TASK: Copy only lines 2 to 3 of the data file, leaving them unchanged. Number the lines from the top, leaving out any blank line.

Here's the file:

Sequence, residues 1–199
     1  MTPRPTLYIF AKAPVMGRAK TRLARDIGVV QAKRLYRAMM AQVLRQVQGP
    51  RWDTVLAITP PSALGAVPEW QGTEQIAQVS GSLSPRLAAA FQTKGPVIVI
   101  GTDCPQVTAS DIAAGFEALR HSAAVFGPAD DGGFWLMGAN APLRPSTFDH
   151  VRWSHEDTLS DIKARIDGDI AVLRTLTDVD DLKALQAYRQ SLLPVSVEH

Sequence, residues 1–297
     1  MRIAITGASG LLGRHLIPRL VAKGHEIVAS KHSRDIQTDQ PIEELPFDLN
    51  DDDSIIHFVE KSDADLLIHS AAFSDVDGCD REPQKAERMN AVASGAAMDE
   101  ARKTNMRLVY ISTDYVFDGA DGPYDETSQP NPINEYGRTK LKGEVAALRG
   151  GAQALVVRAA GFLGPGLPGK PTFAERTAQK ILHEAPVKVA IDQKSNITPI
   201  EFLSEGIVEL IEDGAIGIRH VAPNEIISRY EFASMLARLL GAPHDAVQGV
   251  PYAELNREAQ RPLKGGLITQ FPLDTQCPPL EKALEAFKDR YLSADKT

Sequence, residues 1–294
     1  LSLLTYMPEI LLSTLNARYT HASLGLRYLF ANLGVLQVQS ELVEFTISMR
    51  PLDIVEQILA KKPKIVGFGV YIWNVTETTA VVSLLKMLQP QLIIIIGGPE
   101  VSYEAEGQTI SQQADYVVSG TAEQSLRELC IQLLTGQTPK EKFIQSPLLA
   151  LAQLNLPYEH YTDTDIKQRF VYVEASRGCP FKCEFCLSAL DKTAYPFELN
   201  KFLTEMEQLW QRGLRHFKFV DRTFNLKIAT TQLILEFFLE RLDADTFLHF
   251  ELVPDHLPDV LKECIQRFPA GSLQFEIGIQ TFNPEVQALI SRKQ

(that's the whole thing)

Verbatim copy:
     1  MTPRPTLYIF AKAPVMGRAK TRLARDIGVV QAKRLYRAMM AQVLRQVQGP
    51  RWDTVLAITP PSALGAVPEW QGTEQIAQVS GSLSPRLAAA FQTKGPVIVI